`GREATER CHINA' COULD BE THE BIGGEST TIGER OF ALL
Many people thought the deal the British cut in 1984 to hand over Hong Kong to China amounted to a death sentence for the colony. But with the 1997 transfer date approaching, Hong Kong is booming. Property values have soared 60% in the past two years. "This place is going to be like Tokyo," predicts John T. Hung, executive director of property and shipping giant Wharf (Holdings) Ltd.
The reason is that Western executives, hot-shot financiers in Tokyo, and ethnic Chinese tycoons from Southeast Asia are all scrambling to Hong Kong. While much of the industrial world slogs through recession, they see the city as the epicenter of an emerging 21st century economic superpower dubbed "Greater China." It would combine the capital, technology, and entrepreneurial wizardry of Hong Kong and Taiwan with the 1.2 billion-person market, cheap labor, and natural resources of mainland China.
Of course, huge obstacles lie in the way of achieving the "Chinese century" that overseas Chinese are euphoric about. Political upheaval on the mainland and repression in post-1997 Hong Kong are both possible. And Beijing and Taipei haven't even begun serious reunification negotiations. The next big test will be the 14th Party Congress in Beijing in October, where Deng Xiaoping's economic-reform program will be at the top of the agenda.
But regardless of the political hurdles, a growing flood of cross-border investment, trade, tourism, and cultural exchanges are binding the three Chinas together. That has potentially huge ramifications for Asia's balance of power. Already, the three have accumulated $160 billion in reserves--more than Japan's $70.5 billion. "Greater China is the entity that could rival Japan," says Pacific Rim Consulting Group Managing Director George Baeder.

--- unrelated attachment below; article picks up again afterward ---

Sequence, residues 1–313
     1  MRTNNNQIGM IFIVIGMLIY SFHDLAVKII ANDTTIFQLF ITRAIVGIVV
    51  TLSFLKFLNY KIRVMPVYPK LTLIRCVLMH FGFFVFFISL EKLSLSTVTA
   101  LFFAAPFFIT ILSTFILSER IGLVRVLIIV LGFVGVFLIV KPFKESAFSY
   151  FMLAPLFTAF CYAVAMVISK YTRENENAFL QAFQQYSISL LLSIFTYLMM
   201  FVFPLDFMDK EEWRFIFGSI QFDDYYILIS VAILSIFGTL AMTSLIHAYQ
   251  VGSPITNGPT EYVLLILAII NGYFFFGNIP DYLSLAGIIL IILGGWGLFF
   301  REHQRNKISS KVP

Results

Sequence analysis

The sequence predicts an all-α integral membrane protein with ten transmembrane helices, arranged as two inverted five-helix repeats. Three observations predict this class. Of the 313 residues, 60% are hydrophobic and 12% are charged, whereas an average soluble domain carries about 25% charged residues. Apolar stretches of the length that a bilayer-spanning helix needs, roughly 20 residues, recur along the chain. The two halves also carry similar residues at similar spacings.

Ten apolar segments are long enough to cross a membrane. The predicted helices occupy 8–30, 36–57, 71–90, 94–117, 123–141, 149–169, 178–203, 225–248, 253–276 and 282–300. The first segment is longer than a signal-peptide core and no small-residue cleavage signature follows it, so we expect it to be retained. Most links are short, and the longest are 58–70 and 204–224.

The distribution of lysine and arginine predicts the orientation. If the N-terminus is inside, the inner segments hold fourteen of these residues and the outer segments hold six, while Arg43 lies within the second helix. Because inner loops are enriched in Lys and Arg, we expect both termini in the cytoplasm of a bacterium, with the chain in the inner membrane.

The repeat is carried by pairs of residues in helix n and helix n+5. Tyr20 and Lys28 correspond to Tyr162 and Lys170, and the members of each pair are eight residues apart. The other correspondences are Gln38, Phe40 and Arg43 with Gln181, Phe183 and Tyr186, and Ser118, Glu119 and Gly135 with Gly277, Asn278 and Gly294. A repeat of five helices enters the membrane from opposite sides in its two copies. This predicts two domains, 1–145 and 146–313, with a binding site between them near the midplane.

The investment flows are huge. Hong Kong and Taiwanese entrepreneurs, who already have pumped more than $25 billion into plants in southern China, are now pushing into northern population centers such as Beijing, Shanghai, and Tianjin. At the same time, Chinese state companies are now the biggest foreign investors in Hong Kong. These flows, says Harry Harding, an Asia expert at Washington's Brookings Institution, could "accelerate China's overall rise as a political power." Even the recent decision by the U.S. to sell $6 billion worth of advanced jet fighters to Taiwan isn't expected to derail the process.
MIXED FEELINGS. Among the world's economic kingpins, Japan is the most threatened by an emerging Chinese colossus. While Japan is now the leading exporter to mainland China, few Japanese speak Chinese, and some Japanese businesspeople say Chinese entrepreneurs are already trying to ease them out of the action. "It's as though we've been left completely out of the loop," says one Japanese investment banker.
Washington has mixed feelings about an emerging Greater China. While economic integration puts pressure on Beijing to liberalize, the U.S. still worries about an increasingly powerful China throwing its weight around. That is why the U.S. is giving China's military and trade activity such close attention. With China's surplus with the U.S. passing $15 billion this year, the Bush Administration has given China an Oct. 10 deadline to agree to open up its domestic markets or face sanctions. A bolder China has threatened to retaliate in kind. A compromise is likely this time, but keeping this tiger on a leash will get tougher.Pete Engardio in Hong Kong, with Amy Borrus in Washington and Neil Gross in Tokyo Edited by Stanley Reed